Clearly, relying on the new annualised wage provisions will come with increased administration and compliance costs. Failure to comply with these stringent requirements could lead to penalties for breach of a modern award – even if no underpayment has actually occurred.

To annualise or not to annualise
So the question arises, do you want to annualise or not?

If yes, you will need to revisit your current payroll and record-keeping systems to determine how you can comply.

If no, the good news is that timesheets (or the good old days of punching the timecard) and paying each pay period based on actual hours worked, is not the only alternative.

The FWC has confirmed that the common law principle of ‘set off’ is not limited by these changes. This concept is fairly well settled, allowing employers to rely on a well-drafted clause in an employment contract to apply any over-award payments against any amounts due for actual hours worked in the relevant pay period or roster cycle. This is not a new concept – but it must be set up properly for it to work.

Of course, these ‘set off’ clauses still require employers to meet their minimum award obligations – meaning regular audits and reconciliations to ensure employees are being paid correctly. In fact, many underpayments arise because this is not done on a regular enough basis.

“It is important to go to back to first principles to ensure you are paying your employees correctly in accordance with the modern award that applies”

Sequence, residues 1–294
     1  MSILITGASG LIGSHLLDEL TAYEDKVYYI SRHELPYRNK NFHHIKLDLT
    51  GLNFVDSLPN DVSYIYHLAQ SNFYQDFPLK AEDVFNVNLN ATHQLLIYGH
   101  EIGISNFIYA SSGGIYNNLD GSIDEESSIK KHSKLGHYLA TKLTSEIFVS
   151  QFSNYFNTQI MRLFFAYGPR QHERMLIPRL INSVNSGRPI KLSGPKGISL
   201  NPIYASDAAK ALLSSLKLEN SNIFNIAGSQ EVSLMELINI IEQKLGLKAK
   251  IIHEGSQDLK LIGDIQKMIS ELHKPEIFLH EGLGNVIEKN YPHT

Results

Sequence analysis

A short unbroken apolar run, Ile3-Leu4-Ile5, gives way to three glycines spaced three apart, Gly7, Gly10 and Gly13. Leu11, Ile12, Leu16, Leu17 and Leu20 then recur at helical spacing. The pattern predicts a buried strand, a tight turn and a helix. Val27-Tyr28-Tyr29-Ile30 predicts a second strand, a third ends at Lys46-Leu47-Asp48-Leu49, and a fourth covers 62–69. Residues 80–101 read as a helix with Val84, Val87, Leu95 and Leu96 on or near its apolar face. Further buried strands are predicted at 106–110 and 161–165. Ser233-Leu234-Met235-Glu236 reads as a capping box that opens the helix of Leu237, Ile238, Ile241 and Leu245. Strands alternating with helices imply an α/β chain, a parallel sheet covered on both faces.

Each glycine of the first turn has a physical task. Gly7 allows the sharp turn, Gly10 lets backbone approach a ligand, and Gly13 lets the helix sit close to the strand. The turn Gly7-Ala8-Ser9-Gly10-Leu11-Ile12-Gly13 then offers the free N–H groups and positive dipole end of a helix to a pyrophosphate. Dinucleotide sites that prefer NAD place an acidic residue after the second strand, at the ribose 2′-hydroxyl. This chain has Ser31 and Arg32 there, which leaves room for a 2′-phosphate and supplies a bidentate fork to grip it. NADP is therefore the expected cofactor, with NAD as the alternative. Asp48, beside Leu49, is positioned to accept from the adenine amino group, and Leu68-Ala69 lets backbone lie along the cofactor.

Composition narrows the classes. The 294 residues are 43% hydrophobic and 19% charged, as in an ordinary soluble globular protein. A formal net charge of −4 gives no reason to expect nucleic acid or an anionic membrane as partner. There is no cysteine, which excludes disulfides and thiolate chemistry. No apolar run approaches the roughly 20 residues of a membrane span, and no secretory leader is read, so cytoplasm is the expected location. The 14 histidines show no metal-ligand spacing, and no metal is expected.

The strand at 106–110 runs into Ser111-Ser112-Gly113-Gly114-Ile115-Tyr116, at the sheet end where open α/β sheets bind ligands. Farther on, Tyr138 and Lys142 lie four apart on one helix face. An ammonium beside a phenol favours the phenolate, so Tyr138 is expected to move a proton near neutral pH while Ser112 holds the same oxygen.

3 steps to cover off
Whether you use the new annualised wage provisions, or rely on the ‘set off’ principle, it is important to go back to first principles to ensure you are paying your employees correctly in accordance with the modern award that applies. This means you need to:

1. Ensure that you have carefully considered modern award coverage of your employees, including the correct role classification;

2. If you intend to use an annualised wage provision under the modern award, perform the necessary calculations, advise employees of the required information and implement appropriate record-keeping systems;

3. If you will rely on the ‘set off’ principle instead:

  • check that your employment contracts include a well-drafted clause – that covers all the relevant award entitlements you are seeking to include;
  • perform calculations and hypotheticals to ensure that employees are actually receiving enough salary each pay period or roster cycle to cover their entitlements for all hours worked in that period (including any overtime, penalty rates allowances etc). One of the challenges with ‘set off’ is that it needs to be considered each pay period or cycle – it may not be possible to rely on over-award payments from other periods to meet your obligations in the present one;
  • comply with your current record-keeping obligations in the Fair Work Act and Fair Work Regulations – which may include details of overtime worked; and
  • most importantly, conduct regular audits and reconciliations.

Getting this right will help ensure employees are paid what’s owing to them and your organisation avoids underpayments.

With the current government indicating that it will criminalise ‘wage theft’ – this is not something that your organisation can simply ignore.

James Wells is a lawyer in the workplace team at MinterEllison, and has broad experience in general employment matters, industrial relations strategy and disputes, discrimination law, workplace investigations and work health and safety.